Expert Commentary...Flag Etiquette - Tri-State News, Weather & Sports

Expert Commentary...Flag Etiquette

By: Valarie Roberts

For more than 200 years, the American flag has been the symbol of our nation's strength and unity.  It's been a source of pride and inspiration for millions of citizens.  The flag has been a prominent icon in our national history.

On January 1, 1776, the Continental Army was reorganized in accordance with a Congressional resolution which placed American forces under George Washington's control.  On that New Year's Day the continental Army was laying siege to Boston which has been taken over by the British Army.  Washington ordered the Grand Union flag be hoisted above his base at Prospect Hill.  It had 13 alternate red and white stripes and the British Union Jack in the upper-left hand corner (the canton).  In May of 1776, Betsy Ross reported that she sewed the first American flag.  On June 1777, the Continental Congress passed the first Flag Act. 

Although the flag has changed several times in history to allow for additional stars and stripes to reflect the admission of each new state, the respect for the flag remains the same.  According to the United States Code Chapter 10 (Patriotic Customs), the flag may be displayed on buildings and stationary, stand-alone flagstaffs only from sunrise to sunset.  However, the flag may be displayed twenty-four hours a day if properly illuminated during the hours of darkness.  The flag should be hoisted briskly and lowered ceremoniously.  It should be carefully handled and never touch the ground.  The flag should not be displayed in inclement weather unless an all-weather flag is used.  No other flag or pennant should be placed above the flag.  If displayed on the same level, the U.S. flag should be to the right.  The flag should not be draped over the hood, top, sides, or back of a vehicle.  When the flag is displayed on an automobile, the staff must be firmly attached to the chassis or clamped to the right fender.  (For draping, use red, white and blue bunting, not the flag.)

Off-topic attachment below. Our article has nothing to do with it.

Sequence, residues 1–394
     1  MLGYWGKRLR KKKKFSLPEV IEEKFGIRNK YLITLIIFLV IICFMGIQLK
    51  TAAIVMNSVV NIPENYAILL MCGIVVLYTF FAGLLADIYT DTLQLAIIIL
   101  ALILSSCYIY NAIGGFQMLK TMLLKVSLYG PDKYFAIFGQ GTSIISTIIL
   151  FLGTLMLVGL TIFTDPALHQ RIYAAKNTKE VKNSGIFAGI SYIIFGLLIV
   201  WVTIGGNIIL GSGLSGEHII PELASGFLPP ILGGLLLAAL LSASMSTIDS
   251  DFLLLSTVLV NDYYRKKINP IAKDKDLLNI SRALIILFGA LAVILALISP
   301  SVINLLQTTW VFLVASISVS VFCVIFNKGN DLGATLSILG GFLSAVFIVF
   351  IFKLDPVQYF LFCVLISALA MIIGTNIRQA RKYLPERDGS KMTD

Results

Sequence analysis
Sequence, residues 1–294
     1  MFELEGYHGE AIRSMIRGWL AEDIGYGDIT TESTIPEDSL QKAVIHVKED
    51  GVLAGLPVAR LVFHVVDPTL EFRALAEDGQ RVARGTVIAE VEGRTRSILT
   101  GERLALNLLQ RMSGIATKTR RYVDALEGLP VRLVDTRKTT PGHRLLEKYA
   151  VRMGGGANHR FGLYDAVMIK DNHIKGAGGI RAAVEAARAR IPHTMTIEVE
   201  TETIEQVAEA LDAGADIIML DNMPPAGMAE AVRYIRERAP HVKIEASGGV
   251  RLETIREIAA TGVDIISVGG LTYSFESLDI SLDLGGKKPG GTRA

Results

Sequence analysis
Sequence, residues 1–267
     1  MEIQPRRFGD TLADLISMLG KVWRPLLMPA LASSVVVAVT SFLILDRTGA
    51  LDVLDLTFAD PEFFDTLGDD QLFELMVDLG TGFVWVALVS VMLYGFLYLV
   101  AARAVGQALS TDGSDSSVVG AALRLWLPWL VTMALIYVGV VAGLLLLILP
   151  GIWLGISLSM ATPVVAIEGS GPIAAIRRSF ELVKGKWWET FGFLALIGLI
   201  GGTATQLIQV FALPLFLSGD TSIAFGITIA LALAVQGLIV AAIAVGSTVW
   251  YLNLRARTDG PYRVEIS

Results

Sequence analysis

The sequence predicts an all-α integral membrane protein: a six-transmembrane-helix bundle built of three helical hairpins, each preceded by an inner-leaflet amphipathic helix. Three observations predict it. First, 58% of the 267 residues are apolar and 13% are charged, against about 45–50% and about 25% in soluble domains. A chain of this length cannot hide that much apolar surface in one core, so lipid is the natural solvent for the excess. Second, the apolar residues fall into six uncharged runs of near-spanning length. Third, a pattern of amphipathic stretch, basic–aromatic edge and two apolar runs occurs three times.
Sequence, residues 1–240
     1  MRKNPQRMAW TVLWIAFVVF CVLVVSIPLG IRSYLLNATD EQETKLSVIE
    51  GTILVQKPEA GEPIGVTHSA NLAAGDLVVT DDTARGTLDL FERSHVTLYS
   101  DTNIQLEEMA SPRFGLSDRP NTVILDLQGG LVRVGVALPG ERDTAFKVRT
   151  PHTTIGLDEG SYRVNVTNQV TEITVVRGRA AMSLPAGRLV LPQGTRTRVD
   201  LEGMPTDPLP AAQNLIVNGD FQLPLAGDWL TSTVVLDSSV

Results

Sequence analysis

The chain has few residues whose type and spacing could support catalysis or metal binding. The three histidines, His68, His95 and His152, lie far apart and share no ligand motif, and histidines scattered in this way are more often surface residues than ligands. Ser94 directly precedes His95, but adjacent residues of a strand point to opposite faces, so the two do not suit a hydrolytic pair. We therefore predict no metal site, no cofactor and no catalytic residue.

Its always appropriate to fly the flag, but especially on Federally-declared holidays.  On Memorial Day, the flag should be displayed at half-staff until noon.  More detailed information is available at www.lww.cornell.edu/uscode/36/.

Today the flag consists of thirteen horizontal stripes, seven red alternating with 6 white.  The stripes represent the original 13 colonies, the stars represent the 50 states of the Union.  The colors of the flag are symbolic as well: red symbolizes hardiness and valor, white symbolizes purity and innocence and blue represents vigilance, perseverance and justice.

This Fourth of July, show your pride by respecting the flag.

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